I’ve asked the same question! It’s most important that the city is young in terms of its established markets… For example, they didn’t want to go to Portland: they went to Seattle instead. That’s not so obvious a choice but we did that because in Portland, there’s already a strong local community with a local brewery and distillery. It’s easier to cultivate this sense of community when you start it from the ground up. People are very open to new products in these cities — it’s very inspiring.

And what made you decide to open the distillery here in Treptow?

It was admittedly very hard to find the right space. It’s especially hard within the confines of the city because there’s a lot of building code requirements… But we found this place and we love it. It’s still in the city but it’s kind of isolated as well. We have a very vibrant surrounding here, there’s Club der Visionäre and the Badeschiff and White Trash and Arena Club all just around the corner. We’re very lucky.

20150916-zoenoble-7732-6

You mentioned these building code requirements. What kind of restrictions are there?

Have you ever seen a distillery explode? (Laughs) It basically just leaves a big hole in the ground. If the distillery explodes here, the entire area would be wiped out. It would look like Mars. (Laughs) So, we have to be very careful. In New York, they were fighting so hard to get the proper permits, they wanted to open the distillery actually within Manhattan — which they succeeded at, by the way; Our/New York will be the first distillery in Manhattan since prohibition times! So, yes, we’re very happy here, and lucky to be here.

I read that you guys brought on an engineer to customise the space as well.

Exactly. And there were a lot of rules. Of course — we’re in Germany! As it was the first distillery for the Our/Vodka project, it has to be made very properly. The laws are very strict! (Laughs) We had to keep in mind that we needed an area to host events, but also a working office space, and a storage space for the dry goods that we use for packaging and bottling and labels and that kind of thing. The best part is this nice roll gate that you can pull up in the summertime, there’s a nice breeze and so much natural light.

20150916-zoenoble-7610-7

That’s so nice because, for me, space really affects my creativity.

Absolutely. When we have the doors wide open in the summer, there’s no boundary between customers, visitors, and us. It also helps creativity flow, helps us find new ideas… Because it’s so open, you can move around, you can go outside when you get sick of sitting in front of the computer… This area is so full of creative people, too. We spend almost more time chatting with our amazing neighbours than we do inside working! (Laughs)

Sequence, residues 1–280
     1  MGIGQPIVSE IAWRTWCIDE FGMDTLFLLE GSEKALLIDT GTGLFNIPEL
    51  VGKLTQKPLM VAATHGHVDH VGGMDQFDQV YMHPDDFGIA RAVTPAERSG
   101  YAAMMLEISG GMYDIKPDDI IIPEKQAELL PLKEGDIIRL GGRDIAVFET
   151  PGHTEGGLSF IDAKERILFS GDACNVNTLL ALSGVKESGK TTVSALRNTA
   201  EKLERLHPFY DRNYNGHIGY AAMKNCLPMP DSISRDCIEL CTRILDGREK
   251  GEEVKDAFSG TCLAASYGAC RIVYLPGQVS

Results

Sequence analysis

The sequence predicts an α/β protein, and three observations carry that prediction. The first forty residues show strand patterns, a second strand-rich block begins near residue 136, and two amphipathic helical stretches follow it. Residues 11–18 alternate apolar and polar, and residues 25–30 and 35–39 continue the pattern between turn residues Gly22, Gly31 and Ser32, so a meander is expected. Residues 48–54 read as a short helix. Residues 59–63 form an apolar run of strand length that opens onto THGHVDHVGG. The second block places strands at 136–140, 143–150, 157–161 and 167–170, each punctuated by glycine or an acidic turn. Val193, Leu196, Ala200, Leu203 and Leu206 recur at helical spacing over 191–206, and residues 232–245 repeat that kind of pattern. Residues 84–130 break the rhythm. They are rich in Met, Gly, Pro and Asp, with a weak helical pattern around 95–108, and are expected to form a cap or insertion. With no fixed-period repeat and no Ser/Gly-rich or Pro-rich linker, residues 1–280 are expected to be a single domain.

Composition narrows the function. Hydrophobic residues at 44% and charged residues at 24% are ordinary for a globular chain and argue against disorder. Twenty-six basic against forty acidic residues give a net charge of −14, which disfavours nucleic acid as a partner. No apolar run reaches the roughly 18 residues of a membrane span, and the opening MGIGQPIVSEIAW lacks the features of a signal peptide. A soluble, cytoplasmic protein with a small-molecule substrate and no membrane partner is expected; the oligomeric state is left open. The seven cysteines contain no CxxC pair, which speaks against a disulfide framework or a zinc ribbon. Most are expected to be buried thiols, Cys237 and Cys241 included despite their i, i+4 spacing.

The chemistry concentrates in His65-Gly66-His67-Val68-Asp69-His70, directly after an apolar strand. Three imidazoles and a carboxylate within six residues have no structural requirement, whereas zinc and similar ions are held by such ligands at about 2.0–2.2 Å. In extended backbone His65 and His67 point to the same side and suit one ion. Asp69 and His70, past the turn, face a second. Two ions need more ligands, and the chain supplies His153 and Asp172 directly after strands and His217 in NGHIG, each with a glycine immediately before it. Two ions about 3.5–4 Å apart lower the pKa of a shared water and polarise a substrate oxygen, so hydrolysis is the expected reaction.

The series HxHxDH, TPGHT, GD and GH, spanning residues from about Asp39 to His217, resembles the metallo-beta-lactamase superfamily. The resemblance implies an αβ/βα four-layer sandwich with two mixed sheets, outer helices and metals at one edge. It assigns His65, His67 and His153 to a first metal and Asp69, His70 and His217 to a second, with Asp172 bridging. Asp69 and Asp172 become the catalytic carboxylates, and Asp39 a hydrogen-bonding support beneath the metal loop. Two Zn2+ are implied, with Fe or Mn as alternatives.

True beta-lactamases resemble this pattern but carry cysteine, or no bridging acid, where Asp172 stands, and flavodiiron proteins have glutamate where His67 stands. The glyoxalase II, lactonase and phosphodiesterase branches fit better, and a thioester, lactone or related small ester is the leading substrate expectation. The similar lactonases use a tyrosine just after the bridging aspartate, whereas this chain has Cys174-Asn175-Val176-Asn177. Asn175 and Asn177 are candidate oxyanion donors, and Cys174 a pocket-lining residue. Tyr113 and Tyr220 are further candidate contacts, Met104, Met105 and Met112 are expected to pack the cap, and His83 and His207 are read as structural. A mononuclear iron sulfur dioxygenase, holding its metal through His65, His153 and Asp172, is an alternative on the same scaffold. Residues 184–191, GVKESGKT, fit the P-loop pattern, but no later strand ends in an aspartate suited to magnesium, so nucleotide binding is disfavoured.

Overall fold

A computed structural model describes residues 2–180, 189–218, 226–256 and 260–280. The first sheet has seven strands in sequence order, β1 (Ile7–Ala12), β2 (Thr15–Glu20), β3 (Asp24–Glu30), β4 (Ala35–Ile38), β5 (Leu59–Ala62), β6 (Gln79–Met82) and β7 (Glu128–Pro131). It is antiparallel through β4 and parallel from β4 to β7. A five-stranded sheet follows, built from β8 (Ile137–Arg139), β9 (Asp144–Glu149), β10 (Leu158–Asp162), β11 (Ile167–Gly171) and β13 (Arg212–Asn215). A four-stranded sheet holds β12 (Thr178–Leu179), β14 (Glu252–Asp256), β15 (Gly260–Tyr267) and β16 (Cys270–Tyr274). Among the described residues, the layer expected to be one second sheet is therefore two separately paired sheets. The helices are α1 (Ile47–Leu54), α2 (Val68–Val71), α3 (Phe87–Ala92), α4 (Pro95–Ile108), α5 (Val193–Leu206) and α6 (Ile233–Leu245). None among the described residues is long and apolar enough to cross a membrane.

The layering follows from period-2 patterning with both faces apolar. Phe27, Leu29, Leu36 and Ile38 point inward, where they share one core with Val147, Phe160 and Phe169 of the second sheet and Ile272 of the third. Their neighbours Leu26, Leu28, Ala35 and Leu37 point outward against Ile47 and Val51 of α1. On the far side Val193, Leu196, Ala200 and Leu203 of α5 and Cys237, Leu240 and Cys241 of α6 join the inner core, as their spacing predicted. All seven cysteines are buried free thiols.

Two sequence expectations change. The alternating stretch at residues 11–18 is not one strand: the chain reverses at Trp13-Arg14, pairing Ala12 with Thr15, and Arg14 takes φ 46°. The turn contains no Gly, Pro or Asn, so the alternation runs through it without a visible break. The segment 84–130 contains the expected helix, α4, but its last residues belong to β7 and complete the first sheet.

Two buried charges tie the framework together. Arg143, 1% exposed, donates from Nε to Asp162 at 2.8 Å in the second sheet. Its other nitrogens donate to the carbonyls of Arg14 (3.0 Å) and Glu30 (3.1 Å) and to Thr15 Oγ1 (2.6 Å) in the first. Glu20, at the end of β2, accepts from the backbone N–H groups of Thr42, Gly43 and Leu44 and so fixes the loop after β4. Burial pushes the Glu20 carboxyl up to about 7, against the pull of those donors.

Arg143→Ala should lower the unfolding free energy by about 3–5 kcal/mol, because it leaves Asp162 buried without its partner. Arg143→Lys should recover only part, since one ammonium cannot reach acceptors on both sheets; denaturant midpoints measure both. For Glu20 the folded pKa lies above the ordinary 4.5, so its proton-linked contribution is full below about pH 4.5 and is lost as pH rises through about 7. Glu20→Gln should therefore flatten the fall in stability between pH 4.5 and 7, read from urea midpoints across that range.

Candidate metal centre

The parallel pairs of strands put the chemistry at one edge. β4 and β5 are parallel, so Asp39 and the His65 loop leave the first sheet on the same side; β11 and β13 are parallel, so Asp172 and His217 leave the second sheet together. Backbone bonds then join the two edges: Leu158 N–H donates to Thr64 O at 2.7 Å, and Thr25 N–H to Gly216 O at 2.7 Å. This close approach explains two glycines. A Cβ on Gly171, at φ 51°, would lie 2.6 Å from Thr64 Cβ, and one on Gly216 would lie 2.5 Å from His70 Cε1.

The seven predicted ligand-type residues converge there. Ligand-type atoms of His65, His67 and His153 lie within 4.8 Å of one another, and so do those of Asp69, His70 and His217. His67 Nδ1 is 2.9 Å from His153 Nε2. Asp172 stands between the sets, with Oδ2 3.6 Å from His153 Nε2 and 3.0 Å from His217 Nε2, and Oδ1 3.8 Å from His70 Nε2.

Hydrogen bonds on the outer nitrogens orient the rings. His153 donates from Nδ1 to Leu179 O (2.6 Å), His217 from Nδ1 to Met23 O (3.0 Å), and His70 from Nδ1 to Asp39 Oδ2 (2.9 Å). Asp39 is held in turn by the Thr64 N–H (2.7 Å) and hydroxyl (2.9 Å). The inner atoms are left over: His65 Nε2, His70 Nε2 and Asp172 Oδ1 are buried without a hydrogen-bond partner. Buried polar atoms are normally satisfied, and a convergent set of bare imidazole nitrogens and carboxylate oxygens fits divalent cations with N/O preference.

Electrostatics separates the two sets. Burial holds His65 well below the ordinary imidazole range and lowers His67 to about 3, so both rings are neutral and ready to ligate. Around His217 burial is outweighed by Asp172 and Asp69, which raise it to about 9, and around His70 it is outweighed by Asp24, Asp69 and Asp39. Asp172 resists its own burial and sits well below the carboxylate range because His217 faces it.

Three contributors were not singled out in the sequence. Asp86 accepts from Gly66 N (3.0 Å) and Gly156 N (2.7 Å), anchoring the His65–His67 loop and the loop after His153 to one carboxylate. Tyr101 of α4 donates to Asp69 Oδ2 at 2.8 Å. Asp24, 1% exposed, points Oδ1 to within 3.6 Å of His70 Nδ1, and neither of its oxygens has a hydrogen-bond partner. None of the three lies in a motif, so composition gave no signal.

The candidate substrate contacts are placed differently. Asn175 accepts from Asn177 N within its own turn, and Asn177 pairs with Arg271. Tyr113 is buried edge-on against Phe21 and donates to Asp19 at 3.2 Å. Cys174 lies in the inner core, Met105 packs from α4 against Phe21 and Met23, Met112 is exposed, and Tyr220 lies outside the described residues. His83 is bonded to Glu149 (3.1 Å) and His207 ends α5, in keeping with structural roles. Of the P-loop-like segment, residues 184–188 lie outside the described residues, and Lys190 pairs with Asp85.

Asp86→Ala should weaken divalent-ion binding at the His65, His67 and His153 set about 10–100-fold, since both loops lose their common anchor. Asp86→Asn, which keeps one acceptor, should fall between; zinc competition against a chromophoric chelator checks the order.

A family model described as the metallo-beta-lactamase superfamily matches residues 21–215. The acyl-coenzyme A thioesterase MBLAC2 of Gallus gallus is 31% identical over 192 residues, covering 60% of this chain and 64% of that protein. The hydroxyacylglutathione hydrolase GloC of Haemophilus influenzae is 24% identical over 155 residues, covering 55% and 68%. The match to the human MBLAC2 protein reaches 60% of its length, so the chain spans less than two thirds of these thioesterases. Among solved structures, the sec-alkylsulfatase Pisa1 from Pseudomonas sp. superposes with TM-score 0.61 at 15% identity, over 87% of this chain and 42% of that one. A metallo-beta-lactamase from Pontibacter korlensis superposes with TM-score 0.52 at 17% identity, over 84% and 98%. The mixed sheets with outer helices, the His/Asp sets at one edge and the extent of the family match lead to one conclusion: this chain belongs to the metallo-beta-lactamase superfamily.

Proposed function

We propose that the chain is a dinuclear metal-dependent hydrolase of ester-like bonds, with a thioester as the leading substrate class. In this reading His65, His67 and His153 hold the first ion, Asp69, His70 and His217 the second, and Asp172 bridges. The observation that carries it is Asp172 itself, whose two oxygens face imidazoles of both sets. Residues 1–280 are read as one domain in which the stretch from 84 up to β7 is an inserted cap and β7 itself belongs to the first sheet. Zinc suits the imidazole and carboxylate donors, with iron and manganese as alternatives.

It definitely doesn’t feel like your typical office here.

It was important for us to have a space where people and also our team feel comfortable. It’s a vodka distillery, but it shouldn’t have the feeling of an office. We want to be very open. We want a space where people feel they can just drop by and have a drink. We want people to be comfortable here. That’s what we’re trying to achieve. Just like we have the name on the bottle, we really want to make this Our Berlin.

20150916-zoenoble-7774-8

20150916-zoenoble-7596-9

20150916-zoenoble-7657-10

20150916-zoenoble-7704-11

20150916-zoenoble-7711-12

20150916-zoenoble-7698-13

20150916-zoenoble-7806-15

Portrait: Recyclemented

by Guest Blogger

jacquie and clement standing against rusty backdrop

by Emma Robertson

For Clement Jeannesson and Jacquie Kappl, furniture construction is a labour of love. Their design company, Recyclemented, is less than a year old; although in many ways it’s still a hobby, the pair is working tirelessly to build it up into a fully-fledged career, one palette at a time. Using found wood, discarded materials and (especially) old EuroPalettes, Clement and Jacquie are giving new life to Berlin’s forsaken and forgotten: the result is strikingly unique furniture, each with its own twist on the traditional.

Clement and Jacquie, originally from France and Germany respectively, started Recyclemented in Melbourne, Australia. “We moved to the Gold Coast and we were pretty poor at the time,” Jacquie explains. “We had an apartment but we had no furniture, so we started building stuff out of bits and pieces we found on the side of the road. At some point, we had like seven tables in our place!”